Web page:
Devoted Teaching

Sister Nadine Flott focuses on cultivating relationships with students by regularly interacting with them
Sunday, May 1, 2005 | 12:00 a.m. CDT; updated 11:32 p.m. CDT, Sunday, July 20, 2008

Sister Nadine Flott awakes before 6 a.m. each day and says her prayers in the quiet of the pre-dawn light that filters through her blinds. She arrives at St. Peter and Paul Catholic School in Boonville about an hour later, taking her customary post at the school’s side door to greet each arriving student, most of them by name. “Here comes my best friend,” Sister Nadine hails first-grader Morgan Browning.

“No jacket, today?” she asks another student who is wearing short sleeves on a chilly March morning. “Aren’t you going to be cold during recess?”

Keeping watch over the arrival and departure of her students is a ritual Sister Nadine has practiced throughout her four decades as an educator. “It’s an important thing to do,” she says. “I don’t want anything happening to any of the children.”

In addition to watching over their safety, the practice also allows her to greet and speak with many of the students’ parents: members of the Catholic community in Boonville.

Sister Nadine kindly corrects those who call her a nun. “I’m not cloistered, and I haven’t taken solemn vows,” she says. “I’m a sister, not a nun.”

Sister Nadine’s career has been quite adventurous. She has held a variety of positions in her nearly 50 years with the order, the Sisters of the Most Precious Blood. In 1964, she was offered the chance to work at an English school in Finland, and she eventually spent 20 years teaching and working as a principal there. The large silver cross she sometimes wears is her mission cross, a reminder of her time in Finland, and she occasionally punctuates her conversation with Finnish phrases.

Following her time as a missionary, Sister Nadine returned to the United States to work for six years as an administrator for her religious community in her order’s mother house in O’Fallon. The mother house functions as both home base for the sisters and a home for them in retirement. The sisters of the order, which traces its roots back to Baden, Germany, in 1845, have been primarily devoted to teaching throughout its history. Sister Nadine has been educating children, she likes to say, longer than some of the teachers at St. Peter and Paul School have been alive. She earned her undergraduate teaching degree while still a novitiate sister and then went on to earn a master’s degree in educational administration at MU.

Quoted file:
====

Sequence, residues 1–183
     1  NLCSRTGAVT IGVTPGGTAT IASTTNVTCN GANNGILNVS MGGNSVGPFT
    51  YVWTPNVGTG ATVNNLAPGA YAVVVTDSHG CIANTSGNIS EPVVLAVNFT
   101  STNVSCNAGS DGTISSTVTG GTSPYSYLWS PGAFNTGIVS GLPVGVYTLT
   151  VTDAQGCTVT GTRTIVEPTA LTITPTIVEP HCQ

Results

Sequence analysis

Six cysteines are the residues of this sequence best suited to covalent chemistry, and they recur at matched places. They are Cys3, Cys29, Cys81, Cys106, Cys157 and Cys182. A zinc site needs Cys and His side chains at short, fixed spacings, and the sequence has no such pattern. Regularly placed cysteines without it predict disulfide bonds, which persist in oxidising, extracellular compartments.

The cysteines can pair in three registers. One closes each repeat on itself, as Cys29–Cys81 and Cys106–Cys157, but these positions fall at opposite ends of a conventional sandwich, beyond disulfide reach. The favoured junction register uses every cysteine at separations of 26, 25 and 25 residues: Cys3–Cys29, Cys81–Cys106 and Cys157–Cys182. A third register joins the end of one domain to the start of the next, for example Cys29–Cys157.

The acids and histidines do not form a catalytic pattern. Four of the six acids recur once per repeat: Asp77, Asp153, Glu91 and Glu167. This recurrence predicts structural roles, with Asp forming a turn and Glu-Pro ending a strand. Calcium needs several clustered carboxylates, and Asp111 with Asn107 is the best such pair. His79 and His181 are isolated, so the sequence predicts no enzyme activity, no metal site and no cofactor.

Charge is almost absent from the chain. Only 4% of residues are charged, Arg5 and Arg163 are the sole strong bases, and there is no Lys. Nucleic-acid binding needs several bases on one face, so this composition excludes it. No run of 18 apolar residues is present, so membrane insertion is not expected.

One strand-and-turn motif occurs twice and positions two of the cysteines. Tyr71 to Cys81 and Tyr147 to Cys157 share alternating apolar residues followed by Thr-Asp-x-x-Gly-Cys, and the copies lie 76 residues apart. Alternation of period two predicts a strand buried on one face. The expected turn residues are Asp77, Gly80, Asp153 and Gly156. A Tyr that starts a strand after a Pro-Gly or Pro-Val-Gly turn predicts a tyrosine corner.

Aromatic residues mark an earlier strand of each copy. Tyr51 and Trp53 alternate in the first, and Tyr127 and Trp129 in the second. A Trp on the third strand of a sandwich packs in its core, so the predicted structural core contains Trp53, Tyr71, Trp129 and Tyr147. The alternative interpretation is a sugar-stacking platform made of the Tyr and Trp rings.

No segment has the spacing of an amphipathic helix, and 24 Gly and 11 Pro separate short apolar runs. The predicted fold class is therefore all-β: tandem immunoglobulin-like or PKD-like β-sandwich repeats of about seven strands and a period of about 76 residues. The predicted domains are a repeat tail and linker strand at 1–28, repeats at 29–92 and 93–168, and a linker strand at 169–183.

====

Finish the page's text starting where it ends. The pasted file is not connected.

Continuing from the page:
In the summer of 2004, Sister Nadine was asked to take over as principal of St. Peter and Paul School, and she happily accepted the new position.

“I came back to the schools just as soon as I had the opportunity,” she says.

In July, she moved into the duplex adjacent to St. Peter and Paul church . Although she misses her community in O’Fallon, she remains connected to them through regular visits, e-mail, and the ritual of thrice-daily prayer that sisters all share. The large ring Sister Nadine wears on her left hand serves as a symbol of her commitment to her order. The ring, which she received upon taking final vows in 1963, incorporates the color red to symbolize the blood of Christ and has a “chiro” as a symbol of Christ, as well as three roses to symbolize the vows of consecrated celibacy, obedience and poverty.

The parents and parishioners of St. Peter and Paul say that Sister Nadine’s effect on the school was almost immediate and overwhelmingly positive. “There’s a real sense of respect, now, that there wasn’t before,” says Flo Howard, parish secretary.

“The kids know to behave,” says Stephanie Adams, parish director of religious education and the mother of three pupils at St. Peter and Paul. “She’s strict as can be, but they love her. She’s very fair, but she’s no nonsense.”

Howard and Adams respect Sister Nadine for what they refer to as her hands-on approach to education. They say they appreciate a principal who takes the time each day to greet students by name and who saves administrative paperwork for home so she can use the time at school to tutor students individually in her office. Although she has only been principal at St. Peter and Paul for less than a year, the members of Boonville’s Catholic community have already come to see her as an integral member of their parish.

“We feel very lucky to have Sister Nadine,” Howard says, “and we hope we can keep her for a long time.”

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